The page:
The solitary endoparasitoid, Microplitis ruﬁventris is considered one of the principal wasps on the cotton leaf moth, Spodoptera littoralis larvae. It has a strange sort of obligate diapause. The data present an evidence of persistent low-level diapause throughout the year and every year that observed under mass rearing conditions. When continuous rearing was done throughout the year at 25°C and 12/12 h L/D, a small portion of the individuals in each large samples of each generation entered diapause. So, a long-timed experiment that repeated three years and collecting dataset that required regular extensive dissections and microscopic observations of emerged diapausing wasps was carried out. This diapause spontaneously terminates after time periods similar each year, showing an evidence of “time memory” in diapausing wasp behavior. The duration of this time period is taken as a proxy of diapause intensity. This had occurred whether the large number of individuals originated in summer from field-collected host larvae or from three successive years of laboratory-rearing parasitoids. Contrary to non diapausing wasps, diapausing females emerge some days early than males. This is the first report of new sort of obligate diapause in diapause induction and termination in M. rufiventris under the same constant rearing conditions. Fecundity of diapaused wasps was diapause intensity dependent. Wasps diapaused for 60-86 days (long diapause) have more number of mature eggs than either of those diapausing for short period (23-57 days) or those of longer diapause (90-165).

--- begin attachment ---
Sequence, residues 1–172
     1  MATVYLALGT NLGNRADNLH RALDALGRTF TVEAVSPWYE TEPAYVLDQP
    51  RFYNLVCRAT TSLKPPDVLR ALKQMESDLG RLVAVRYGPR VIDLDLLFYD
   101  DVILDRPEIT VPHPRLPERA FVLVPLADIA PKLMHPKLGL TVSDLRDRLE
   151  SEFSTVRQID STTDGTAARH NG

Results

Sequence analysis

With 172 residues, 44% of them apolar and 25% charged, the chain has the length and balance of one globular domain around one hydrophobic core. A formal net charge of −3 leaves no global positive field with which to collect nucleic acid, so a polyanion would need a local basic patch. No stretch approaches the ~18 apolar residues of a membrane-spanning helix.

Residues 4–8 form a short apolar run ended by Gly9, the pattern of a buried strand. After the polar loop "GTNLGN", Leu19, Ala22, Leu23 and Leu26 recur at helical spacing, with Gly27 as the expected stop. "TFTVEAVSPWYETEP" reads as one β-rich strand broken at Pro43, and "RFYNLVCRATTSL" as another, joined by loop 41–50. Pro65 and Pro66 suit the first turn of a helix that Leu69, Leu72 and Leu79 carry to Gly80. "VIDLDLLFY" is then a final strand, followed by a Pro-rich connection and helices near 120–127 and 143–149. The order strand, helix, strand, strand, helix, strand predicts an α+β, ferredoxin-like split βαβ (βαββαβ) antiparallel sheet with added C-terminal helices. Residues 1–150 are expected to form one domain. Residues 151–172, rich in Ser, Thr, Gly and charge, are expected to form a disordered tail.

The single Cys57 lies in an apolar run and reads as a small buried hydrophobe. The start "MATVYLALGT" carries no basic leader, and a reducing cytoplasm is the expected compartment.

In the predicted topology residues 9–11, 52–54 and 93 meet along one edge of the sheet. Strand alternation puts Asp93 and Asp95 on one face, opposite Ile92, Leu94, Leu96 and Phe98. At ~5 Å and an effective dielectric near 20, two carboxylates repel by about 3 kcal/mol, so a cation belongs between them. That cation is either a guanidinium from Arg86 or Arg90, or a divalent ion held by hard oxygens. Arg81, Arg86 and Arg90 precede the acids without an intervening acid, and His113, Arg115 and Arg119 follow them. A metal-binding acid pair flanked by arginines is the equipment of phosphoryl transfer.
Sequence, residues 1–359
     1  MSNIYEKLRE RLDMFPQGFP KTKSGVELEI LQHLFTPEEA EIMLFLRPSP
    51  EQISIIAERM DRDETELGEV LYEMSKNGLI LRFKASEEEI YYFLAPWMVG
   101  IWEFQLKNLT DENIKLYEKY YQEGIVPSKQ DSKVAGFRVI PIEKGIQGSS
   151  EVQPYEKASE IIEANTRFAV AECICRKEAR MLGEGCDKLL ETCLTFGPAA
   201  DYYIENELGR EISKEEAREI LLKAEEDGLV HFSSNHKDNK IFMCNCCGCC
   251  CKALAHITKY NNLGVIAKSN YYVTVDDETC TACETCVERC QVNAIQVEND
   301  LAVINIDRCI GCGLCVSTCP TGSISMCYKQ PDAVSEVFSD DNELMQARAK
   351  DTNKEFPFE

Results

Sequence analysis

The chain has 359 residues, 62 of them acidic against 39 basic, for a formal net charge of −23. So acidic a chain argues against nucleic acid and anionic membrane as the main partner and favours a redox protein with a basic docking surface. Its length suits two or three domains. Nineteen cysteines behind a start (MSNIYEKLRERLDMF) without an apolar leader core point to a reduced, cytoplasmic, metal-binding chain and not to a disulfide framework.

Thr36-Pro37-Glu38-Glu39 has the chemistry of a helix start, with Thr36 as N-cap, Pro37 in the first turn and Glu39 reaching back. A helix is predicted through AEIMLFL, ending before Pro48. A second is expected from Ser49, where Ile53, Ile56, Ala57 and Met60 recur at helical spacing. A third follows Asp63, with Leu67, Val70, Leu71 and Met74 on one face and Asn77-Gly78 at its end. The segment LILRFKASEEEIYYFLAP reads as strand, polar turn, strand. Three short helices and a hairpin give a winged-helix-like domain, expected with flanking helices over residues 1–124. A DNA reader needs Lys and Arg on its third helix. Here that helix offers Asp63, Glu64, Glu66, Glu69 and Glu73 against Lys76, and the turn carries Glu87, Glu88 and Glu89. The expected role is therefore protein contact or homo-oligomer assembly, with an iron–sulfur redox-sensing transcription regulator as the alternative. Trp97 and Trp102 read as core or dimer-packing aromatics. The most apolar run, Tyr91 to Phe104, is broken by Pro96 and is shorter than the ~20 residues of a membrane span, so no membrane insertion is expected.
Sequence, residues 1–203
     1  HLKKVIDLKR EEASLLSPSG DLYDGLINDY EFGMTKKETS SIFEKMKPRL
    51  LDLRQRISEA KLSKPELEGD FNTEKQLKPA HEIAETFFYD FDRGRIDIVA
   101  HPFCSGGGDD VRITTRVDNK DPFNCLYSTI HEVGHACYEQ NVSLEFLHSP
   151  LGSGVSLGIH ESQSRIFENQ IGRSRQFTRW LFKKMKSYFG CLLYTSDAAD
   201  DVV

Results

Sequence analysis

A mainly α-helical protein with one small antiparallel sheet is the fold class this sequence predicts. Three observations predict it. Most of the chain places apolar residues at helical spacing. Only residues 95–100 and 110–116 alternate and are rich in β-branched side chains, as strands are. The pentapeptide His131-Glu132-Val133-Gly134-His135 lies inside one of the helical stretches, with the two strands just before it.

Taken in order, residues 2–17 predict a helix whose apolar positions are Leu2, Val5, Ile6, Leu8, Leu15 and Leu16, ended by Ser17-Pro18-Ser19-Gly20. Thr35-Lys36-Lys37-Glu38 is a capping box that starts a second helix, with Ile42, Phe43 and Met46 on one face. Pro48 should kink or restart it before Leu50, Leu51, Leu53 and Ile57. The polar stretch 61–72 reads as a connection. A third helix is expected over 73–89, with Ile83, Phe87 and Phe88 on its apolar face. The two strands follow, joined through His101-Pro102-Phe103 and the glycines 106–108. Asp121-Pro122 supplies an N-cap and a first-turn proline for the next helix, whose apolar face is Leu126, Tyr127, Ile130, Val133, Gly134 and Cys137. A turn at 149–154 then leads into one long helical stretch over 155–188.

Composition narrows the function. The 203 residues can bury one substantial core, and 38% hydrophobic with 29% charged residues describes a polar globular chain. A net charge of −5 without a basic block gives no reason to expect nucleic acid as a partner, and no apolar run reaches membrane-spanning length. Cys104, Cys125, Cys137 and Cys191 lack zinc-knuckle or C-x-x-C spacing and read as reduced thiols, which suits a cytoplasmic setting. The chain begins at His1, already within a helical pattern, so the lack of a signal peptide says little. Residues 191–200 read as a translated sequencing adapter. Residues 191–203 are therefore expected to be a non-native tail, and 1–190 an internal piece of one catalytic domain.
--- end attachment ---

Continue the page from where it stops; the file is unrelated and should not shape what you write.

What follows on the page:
Key words: Microplitis rufiventris, mass rearing conditions, obligate diapause, diapause intensity, generation effect, fecundity.
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